Treating Infertility With Clomid or Clomiphene

Wang Yan
Wang Yan

Global Courant

After the diagnose of infertility has been established and the couple has been presented all possible treatments that can help in restoring fertility, they have to choose which method suits them best. Most of them choose, as their first option, undergoing a prescribed drugs treatment before taking into consideration, surgery or assisted fertilization methods like IVF (in vitro fertilization).

The fertilization drug with the highest success rate and used for over 30 years now is Clomid, a medication that induces ovulation by stimulating a woman’s ovaries into producing a higher number of follicles each month, thus maturing the eggs faster. And if the number of follicles is higher and the eggs are mature then is most likely to get pregnant easier.

On more medical terms, what Clomid actually does is stimulating and increasing the number of three hormones in the body that have important roles in the ovulation process by tricking the body into believing that the estrogen levels are low. These hormones are: GnRH – gonadotropine releasing hormone, LH – luteinizing hormone and FSH – follicle stimulating hormone.

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Unfortunately Clomid isn’t helpful in all cases of female infertility and it’s only prescribed if the infertility is caused by anovulation, irregular menstrual periods or PCOS. It is also recommended for women undergoing IVF, to help increase the success rate of the procedure.

As almost any drug is very easy to take, orally, on the days specified by the fertility doctor. Depending on the doctor there are multiple schemes of taking Clomid, to ensure its success but most likely you will have to take it either on days 3-7 of your cycle or 5-9. The starting dosage is of 50 mg per day and after the second month is increased until it reaches its maximum amount allowed of 200 mg per day. If after six months the fertility of the woman has not been restored then the treatment with Clomid is ceased letting the spot opened for other possible treatments.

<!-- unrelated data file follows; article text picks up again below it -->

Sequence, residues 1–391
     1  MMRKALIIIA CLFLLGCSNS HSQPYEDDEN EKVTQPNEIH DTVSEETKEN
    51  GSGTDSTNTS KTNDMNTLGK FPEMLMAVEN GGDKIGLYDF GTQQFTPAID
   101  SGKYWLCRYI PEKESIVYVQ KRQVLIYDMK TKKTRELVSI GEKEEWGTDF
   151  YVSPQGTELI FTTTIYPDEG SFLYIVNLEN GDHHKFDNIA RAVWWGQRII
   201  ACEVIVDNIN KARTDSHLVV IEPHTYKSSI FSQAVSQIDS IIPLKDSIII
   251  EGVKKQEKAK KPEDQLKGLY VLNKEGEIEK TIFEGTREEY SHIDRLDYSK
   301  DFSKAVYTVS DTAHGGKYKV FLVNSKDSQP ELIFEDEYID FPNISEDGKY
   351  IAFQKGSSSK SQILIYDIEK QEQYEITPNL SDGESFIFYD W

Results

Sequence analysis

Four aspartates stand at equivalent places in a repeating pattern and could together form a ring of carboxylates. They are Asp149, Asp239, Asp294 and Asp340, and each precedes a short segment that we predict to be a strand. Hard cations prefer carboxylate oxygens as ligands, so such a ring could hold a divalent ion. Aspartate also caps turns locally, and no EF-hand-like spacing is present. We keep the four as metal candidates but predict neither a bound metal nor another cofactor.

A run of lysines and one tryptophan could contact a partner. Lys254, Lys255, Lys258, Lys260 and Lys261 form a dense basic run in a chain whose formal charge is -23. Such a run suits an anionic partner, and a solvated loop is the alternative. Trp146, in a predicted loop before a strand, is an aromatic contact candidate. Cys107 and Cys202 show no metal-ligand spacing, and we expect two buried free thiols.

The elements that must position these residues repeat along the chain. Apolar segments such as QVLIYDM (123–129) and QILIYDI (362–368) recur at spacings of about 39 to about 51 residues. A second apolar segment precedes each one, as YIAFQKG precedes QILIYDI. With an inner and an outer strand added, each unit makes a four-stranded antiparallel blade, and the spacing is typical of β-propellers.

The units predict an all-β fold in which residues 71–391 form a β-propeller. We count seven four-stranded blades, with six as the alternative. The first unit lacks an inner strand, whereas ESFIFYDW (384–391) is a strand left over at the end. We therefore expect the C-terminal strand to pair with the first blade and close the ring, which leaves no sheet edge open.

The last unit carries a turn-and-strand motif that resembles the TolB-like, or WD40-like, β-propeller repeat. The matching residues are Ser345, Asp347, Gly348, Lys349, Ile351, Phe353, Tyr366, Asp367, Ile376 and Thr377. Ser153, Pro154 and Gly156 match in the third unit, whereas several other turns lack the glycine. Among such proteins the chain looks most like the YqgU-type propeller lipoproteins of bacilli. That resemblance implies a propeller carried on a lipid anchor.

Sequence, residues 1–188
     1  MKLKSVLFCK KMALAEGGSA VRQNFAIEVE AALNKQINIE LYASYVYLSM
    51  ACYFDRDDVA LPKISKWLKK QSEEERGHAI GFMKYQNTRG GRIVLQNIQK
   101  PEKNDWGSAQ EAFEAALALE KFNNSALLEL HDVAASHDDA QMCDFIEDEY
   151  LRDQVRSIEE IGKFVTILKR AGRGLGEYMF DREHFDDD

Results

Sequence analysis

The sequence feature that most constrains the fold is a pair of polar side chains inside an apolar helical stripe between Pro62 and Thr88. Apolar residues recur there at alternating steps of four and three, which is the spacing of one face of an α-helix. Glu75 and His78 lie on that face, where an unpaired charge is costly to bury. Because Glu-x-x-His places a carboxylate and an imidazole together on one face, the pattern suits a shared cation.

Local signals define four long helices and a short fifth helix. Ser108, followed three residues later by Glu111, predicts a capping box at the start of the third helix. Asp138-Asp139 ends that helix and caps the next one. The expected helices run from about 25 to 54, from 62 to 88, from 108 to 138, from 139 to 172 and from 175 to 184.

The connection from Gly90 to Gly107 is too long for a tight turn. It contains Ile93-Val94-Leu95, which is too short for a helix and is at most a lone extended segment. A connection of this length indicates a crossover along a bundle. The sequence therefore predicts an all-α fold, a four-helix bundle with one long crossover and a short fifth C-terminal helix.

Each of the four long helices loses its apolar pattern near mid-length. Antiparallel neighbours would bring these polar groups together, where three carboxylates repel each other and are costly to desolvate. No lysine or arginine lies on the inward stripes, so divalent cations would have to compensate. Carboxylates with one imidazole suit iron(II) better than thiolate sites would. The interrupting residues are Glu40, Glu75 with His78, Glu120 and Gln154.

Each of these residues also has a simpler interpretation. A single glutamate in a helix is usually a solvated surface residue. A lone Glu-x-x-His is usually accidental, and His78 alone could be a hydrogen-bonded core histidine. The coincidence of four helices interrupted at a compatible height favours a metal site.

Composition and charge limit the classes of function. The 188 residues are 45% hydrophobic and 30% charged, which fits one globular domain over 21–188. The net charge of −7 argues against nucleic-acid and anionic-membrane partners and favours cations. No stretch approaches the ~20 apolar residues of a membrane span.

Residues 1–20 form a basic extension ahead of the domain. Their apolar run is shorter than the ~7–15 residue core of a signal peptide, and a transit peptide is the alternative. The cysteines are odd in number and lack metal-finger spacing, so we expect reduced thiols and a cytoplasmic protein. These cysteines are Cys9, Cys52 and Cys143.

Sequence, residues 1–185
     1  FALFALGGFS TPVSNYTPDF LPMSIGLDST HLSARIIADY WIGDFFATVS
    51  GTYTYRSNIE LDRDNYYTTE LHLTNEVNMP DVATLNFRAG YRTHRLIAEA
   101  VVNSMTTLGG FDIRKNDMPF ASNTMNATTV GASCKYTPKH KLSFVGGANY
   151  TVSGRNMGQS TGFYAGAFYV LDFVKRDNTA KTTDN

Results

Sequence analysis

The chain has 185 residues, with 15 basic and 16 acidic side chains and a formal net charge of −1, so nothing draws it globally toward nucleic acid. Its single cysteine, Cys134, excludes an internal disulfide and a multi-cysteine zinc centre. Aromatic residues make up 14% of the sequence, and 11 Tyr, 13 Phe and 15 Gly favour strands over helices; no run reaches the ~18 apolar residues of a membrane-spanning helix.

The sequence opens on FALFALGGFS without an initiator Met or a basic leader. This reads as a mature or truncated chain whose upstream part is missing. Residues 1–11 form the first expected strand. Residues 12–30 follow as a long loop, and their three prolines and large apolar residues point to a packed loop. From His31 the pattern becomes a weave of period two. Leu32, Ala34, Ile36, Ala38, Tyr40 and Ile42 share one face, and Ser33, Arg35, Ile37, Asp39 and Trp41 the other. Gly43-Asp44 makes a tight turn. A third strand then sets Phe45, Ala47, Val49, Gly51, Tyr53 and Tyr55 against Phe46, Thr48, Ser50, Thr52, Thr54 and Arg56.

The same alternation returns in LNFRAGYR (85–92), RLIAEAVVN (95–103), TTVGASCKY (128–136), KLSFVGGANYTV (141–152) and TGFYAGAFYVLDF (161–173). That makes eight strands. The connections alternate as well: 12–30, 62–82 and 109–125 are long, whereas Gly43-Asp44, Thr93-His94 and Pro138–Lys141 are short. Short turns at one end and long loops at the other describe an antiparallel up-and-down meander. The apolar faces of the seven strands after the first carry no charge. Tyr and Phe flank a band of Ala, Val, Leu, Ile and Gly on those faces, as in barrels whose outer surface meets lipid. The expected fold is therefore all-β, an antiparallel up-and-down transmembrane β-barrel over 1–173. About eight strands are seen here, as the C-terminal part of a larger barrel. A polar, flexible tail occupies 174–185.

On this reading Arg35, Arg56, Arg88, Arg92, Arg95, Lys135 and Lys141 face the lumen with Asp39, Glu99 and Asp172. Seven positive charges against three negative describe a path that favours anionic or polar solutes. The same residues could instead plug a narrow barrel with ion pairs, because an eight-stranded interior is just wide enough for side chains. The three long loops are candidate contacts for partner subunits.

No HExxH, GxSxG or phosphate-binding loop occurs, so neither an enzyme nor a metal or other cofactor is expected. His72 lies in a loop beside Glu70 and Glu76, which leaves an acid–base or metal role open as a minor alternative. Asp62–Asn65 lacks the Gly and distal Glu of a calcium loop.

As any other medication, Clomid has also its share of side effects and complications. Though most of the reported side effects are mild, once the dosage is increased women might end up with a more serious complication, known as the Ovarian Hyperstimulation Syndrome (OHSS) that even though in most cases disappears on its own it can leave behind a few problems like twisting of the ovaries, fluid in the stomach or liver and kidney issues.

The general side effects of Clomid can easily be mistaken with the first signs of a pregnancy and they are: mood swings, nausea, vomiting, headaches, fatigue and breast tenderness.

Clomid has a particularly high success rate especially in women suffering from ovulatory dysfunctions, and almost 90% of the women taking it have managed to ovulate within the first three or four months of the treatment. From this 90% almost half of them have managed to even get pregnant within the period of the treatment.

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Treating Infertility With Clomid or Clomiphene

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